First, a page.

Austrian electric and electronic wastes flows : Relevance of WEEE-scrap metal losses due to illegal flows of WEEE for Austria's steel industry / von Anna Peer
VerfasserPeer, Anna
Begutachter / BegutachterinBrunner, Paul Hans
ErschienenWien 2016
Umfang62 Blätter : Illustrationen, Diagramme
HochschulschriftTechnische Universität Wien, Univ., Master Thesis, 2016
HochschulschriftDiplomatische Akademie Wien, Univ., Master Thesis, 2016
Schlagwörter (EN)WEEE / illegal waste flows / MFA / steel production
URNurn:nbn:at:at-ubtuw:1-4590 Persistent Identifier (URN)
 Das Werk ist frei verfügbar
Austrian electric and electronic wastes flows [1.72 mb]
Zusammenfassung (Englisch)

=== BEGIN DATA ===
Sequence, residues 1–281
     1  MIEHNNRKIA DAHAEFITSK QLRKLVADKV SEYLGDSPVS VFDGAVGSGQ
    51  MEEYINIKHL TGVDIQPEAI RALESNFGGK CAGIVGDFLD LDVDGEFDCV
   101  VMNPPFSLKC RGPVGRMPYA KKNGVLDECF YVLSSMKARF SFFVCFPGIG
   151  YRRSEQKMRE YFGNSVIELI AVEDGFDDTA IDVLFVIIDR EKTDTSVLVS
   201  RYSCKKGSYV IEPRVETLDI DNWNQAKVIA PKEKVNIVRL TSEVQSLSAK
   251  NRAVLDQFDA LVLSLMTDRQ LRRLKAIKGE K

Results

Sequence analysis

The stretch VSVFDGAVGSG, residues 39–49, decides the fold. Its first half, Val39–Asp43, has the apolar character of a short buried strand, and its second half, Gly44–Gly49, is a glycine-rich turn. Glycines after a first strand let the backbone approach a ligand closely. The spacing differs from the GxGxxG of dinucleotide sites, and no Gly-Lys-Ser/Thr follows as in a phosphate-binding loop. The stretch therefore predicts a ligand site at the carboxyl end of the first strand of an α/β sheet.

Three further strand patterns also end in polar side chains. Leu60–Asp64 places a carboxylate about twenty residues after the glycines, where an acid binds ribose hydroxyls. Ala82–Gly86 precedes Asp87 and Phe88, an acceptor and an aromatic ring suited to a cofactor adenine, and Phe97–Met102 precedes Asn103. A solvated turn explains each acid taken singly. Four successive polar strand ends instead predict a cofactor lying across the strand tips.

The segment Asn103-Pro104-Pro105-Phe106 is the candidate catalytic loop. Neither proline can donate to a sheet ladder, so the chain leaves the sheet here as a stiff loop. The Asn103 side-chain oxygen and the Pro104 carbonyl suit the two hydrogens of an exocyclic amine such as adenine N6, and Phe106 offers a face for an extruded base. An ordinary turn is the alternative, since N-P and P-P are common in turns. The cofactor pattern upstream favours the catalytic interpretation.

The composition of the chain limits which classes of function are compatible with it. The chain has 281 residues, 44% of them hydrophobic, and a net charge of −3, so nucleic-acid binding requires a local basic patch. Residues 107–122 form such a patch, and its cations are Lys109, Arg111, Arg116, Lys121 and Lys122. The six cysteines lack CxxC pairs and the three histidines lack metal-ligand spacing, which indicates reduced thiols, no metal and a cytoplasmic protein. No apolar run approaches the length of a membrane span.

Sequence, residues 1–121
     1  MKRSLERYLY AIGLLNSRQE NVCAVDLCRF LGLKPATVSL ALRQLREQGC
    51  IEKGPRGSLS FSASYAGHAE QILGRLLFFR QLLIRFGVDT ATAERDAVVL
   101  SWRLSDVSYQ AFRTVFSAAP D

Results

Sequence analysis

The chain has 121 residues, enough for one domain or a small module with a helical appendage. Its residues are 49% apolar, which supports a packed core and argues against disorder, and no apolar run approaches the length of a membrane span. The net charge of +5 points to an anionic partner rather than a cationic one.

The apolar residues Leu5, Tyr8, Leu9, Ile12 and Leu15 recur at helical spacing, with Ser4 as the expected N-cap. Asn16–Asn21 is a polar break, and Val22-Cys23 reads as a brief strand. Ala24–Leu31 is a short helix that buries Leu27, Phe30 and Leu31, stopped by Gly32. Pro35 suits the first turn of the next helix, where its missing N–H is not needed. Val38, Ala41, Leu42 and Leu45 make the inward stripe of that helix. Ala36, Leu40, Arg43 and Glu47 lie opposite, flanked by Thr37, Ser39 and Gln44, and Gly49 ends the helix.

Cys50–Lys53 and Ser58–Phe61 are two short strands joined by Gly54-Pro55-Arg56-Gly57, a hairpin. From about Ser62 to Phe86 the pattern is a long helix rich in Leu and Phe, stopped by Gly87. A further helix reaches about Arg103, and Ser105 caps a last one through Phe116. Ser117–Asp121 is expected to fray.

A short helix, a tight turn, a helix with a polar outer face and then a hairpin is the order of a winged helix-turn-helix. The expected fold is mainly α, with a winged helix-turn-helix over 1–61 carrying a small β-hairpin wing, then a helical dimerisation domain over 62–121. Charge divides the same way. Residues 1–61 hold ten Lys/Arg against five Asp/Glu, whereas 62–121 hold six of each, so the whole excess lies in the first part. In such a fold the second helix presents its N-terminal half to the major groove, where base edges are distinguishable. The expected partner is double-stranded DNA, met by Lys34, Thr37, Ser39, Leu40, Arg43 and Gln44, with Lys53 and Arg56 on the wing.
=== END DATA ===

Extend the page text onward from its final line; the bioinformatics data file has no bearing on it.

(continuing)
Waste electrical and electronic equipment (WEEE) is one of the fastest-growing streams of waste. These waste flows contain hazardous as well as critical materials, which have the potential to negatively impact the environment, human health and socioeconomic development of a region. The goal is to gage the relevance of misplaced metal scrap of the WEEE category large appliances for Austria's steel industry. Using a material flow analysis (MFA), the potential impact on Austria's steel industry will be estimated. The aim is to show, if the amount of E-waste has a relevant or measurable effect (positive or negative) on Austria's economy, regarding the recovery/misplacement of valuable/critical materials (iron scrap) stemming from large electrical appliances in the steel industry. Further, a literature review will be given to portray the state of the art of research. Data used originates from the Elektroaltgeräte Koordinierungsstelle (EAK) and the Austria Ministry for Environment. A case study review portrays negative environmental impacts abroad, in order to highlight the importance of proper WEEE-management to the domestic society. The outcomes point toward a certain portion of WEEE of the category large electrical appliances entering illegal waste streams, however, the steel industry does not appear to be negatively affected by the current amount of missing metal scrap from WEEE of large appliances. Similarly, while the missing scrap could in theory require the steel industry to compensate with higher inputs of primary resources, which may potentially lead to an increase in the emission of GHG, a relevant increase in GHG emissions due to missing scrap cannot be verified. Nonetheless, the losses to the economy could continue to accumulate. There is a chance to decrease these losses utilizing and further developing public awareness, education regarding WEEE-recycling, and education of impact of illegal waste transfers in less developed countries, in order to further decrease the misplacement of WEEE scrap. To this end, awareness raising campaigns educating the domestic population about potential negative impacts abroad might be useful.